By Gili Malinsky
By Bob Ruggiero
By Hilary Hughes
By Peter Gerstenzang
By David R. Adler
By Devon Maloney
By Brian McManus
By Jessica Hopper
It's a cold day in late March, and Marc Ribot sits in his fifth-floor Cobble Hill walk-up, drinking freshly brewed coffee and eating cherry tomatoes out of the container. He's also listening to Allen Toussaint's new The Bright Mississippi (to which he contributed bluesy, elegiac, New Orleans–style guitar), making sure his 12-year-old daughter, Clara, finishes her homework before delving into her pleasure (reading), giving notes to his sound mixer on an upcoming recording project, brewing a fresh pot of coffee, and helping his manager find various tax documents amid his apartment's charming clutter.
You'd figure a guy like Ribot gets a lot of 1099s. Later in the week, he'll give a duo concert with avant-garde bassist Henry Grimes at the Rubin Museum of Art in Chelsea, before whisking himself downtown to play an acoustic set at Tribeca's City Winery with veteran pop icon Marianne Faithfull the same night. Both shows will sell out. (A few days later, he'll join Faithfull again on the Late Show With David Letterman, offering a stirringly lyrical eight-bar solo on a cover of the Decemberists' "The Crane Wife 3.") He's kept up this lifestyle for several decades now, cementing a reputation as the hardest-working sideman on the downtown scene, in addition to spearheading countless pioneering jazz groups, cutting almost 20 albums as a leader, and lending his mercurial guitar sound to everyone from Tom Waits to John Zorn to Allen Ginsberg to Robert Plant and Alison Krauss. Oftentimes, the only connection between the various artists he's played with is . . . him.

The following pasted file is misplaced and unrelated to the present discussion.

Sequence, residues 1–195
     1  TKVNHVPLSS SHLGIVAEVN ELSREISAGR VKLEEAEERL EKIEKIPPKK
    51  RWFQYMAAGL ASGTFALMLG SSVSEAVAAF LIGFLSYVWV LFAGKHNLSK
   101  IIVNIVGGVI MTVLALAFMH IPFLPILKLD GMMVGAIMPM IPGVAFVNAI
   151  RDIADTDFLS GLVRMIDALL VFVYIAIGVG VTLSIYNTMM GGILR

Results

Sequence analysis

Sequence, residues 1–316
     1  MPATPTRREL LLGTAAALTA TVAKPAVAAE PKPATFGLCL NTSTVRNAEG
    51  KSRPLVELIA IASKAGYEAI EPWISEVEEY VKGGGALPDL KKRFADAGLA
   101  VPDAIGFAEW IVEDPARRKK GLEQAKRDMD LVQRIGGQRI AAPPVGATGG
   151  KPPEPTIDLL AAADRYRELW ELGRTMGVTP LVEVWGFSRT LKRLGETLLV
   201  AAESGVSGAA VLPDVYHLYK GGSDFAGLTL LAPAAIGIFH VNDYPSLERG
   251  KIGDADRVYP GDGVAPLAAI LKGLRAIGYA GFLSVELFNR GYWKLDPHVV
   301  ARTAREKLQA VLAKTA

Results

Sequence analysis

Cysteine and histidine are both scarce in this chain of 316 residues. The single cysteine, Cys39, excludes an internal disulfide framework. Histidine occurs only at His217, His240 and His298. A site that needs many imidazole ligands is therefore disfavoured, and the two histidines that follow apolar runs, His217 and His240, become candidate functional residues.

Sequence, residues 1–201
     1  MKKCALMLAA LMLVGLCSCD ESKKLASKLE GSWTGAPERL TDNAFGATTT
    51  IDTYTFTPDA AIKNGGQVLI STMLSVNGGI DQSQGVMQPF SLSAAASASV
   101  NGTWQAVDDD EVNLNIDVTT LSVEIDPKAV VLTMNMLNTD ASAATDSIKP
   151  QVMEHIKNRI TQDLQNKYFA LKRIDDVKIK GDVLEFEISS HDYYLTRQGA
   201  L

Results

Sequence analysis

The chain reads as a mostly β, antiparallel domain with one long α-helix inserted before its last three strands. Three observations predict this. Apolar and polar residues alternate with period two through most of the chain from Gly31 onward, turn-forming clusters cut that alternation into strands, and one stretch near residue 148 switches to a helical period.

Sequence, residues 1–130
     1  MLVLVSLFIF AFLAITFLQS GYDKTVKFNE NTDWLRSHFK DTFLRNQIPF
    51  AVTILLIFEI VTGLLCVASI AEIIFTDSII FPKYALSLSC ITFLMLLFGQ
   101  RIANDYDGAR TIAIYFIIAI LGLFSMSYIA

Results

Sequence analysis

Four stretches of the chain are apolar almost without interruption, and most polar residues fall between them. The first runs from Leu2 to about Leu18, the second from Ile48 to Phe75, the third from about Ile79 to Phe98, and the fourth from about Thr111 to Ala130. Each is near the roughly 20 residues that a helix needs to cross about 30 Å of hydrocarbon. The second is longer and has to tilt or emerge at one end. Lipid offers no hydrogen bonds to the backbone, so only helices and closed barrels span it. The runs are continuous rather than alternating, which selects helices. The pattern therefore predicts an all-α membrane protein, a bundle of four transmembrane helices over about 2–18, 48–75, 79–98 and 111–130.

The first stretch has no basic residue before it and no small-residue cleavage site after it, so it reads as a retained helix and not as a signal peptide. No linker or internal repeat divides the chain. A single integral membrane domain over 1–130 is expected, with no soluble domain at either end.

And now, to celebrate his 55th birthday, Ribot is bringing together many of those eclectic collaborators for a week-long career retrospective. From May 9 through 16, he'll spend almost every night in a different downtown venue with a different group: the ethereal Scelsi Morning, Latin-jazz provocateurs Los Cubanos Postizos, gut-busting jazz-punk powerhouse Shrek (no relation), avant-noise genre-benders Rootless Cosmopolitans, Albert Ayler tribute band Spiritual Unity, "post-everything" electro-funk trio Ceramic Dog (to which Ribot also contributes vocals), and the debut of Sun Ship, his latest foray into the ever-expanding world of free jazz, named after the John Coltrane album.
"I figured I'd do it before I croaked," the birthday boy explains of this mini-retrospective. "I don't trust the bastards to do it afterwards."
Born in Newark to Jewish parents, Ribot grew up in Orange, in what he describes as "a garden apartment with a lot of kids throwing rocks at each other." In the third grade, he took up the trumpet, but at age 10, he opted for the six-string instead. Soon thereafter, he began studying classical guitar in Manhattan with Haitian composer Frantz Casseus, who had emigrated to America, met Ribot's aunt and uncle, and more or less been adopted into the family. This training, however, only spurred Ribot to play in garage bands throughout his youth—a natural move, he says, as "New Jersey was blessed with an abundance of garages." That style's ethic has stuck with him ever since: "I just want to rock the house on a Saturday night," he insists.